The electronics retailer's multifaceted Reward Zone program breaks with a TV spot plugging a $25,000-a-day giveaway for 35 days through Aug. 23. In an unusual move, most customers will be required to pay $9.99 to join the program, while some current 375,000 "best customers" receive automatic enrollment.
In addition to awarding points for purchases, Reward Zone also will include "soft benefits," such as a chance to critique new music releases or attend movie sneak previews. "We are trying to create things customers can't get elsewhere," said Barry Judge, VP-consumer brand marketing, Best Buy.
Kevin Taylor, president, Alliance Data Systems' Frequency Marketing, Cincinnati, which created the program and handles print, said some customers pay to join the program. Those receiving free enrollment tend to be early adopters of new technologies such as HDTV and plasma screens. They also are likely to advise others on electronics purchases, Mr. Taylor said.
Mr. Taylor said most of Best Buy's electronics retailing competitors already have loyalty programs or are developing them. But few match the Best Buy effort, which offers a $5 gift certificate for every $125 purchase or a 4% rebate. The certificate must be spent on an item of $10 or more. "Most retailers don't have the margins to support that kind of [payout]," he said.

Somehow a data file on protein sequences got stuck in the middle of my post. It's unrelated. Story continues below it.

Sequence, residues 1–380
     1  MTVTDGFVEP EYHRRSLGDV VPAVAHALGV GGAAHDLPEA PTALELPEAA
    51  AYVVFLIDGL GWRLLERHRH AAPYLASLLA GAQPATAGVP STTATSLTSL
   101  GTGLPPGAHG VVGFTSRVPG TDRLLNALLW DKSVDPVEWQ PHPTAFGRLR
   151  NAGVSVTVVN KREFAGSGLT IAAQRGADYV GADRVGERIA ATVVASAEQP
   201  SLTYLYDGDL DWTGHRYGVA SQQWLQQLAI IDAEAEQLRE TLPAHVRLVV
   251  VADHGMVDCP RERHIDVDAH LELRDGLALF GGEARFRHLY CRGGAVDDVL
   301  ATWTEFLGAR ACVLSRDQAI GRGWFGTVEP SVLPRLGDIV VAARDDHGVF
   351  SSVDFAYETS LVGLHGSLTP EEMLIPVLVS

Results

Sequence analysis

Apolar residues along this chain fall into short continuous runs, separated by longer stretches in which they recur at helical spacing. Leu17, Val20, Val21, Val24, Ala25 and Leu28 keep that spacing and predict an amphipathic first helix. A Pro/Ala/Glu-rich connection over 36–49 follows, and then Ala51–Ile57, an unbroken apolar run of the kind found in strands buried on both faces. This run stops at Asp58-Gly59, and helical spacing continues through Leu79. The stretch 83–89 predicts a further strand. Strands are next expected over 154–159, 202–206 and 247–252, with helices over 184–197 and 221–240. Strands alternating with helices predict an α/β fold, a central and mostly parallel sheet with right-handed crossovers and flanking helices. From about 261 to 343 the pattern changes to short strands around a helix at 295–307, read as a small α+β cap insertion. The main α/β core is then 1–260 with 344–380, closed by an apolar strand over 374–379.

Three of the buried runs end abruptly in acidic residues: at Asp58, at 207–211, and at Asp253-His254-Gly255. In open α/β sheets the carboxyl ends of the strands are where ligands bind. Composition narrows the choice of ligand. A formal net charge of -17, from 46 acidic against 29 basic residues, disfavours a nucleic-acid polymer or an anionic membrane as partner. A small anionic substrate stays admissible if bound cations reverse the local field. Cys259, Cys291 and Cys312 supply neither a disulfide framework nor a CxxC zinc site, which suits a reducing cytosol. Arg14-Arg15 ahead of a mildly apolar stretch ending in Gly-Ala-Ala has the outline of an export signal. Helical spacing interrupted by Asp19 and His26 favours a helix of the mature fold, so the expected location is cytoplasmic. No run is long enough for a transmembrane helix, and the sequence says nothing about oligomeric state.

Mr. Judge said Best Buy moved into loyalty programs after a yearlong test in the San Diego area to develop a "deeper relationship [with its customers] than mass media" affords. Data gathered through the program will be used to develop more customized sales and marketing approaches, pushing customers to "whole solutions" while de-emphasizing price and item sales where it goes head-on against Wal-Mart Stores, Circuit City, and others. "Price is always important, but we are getting more into bundles," said Mr. Judge.
In the spots, produced in-house, a Best Buy sales associate and a customer dream about winning the $25,000 prize. Spots are tagged "Thousands of possibilities. Get yours."
Best Buy has a 15% market s hare in consumer electronics, said Mr. Judge, and industry publications have pegged it as the nation's leading consumer electronics retailer behind Wal-Mart. In the first quarter, sales at stores open a year or longer rose 6%, while overall company profits were up 27%.
Best Buy spent $68.5 million on advertising from January through April 2003, and $301.7 million in 2002, according to TNS Media Intelligence/CMR.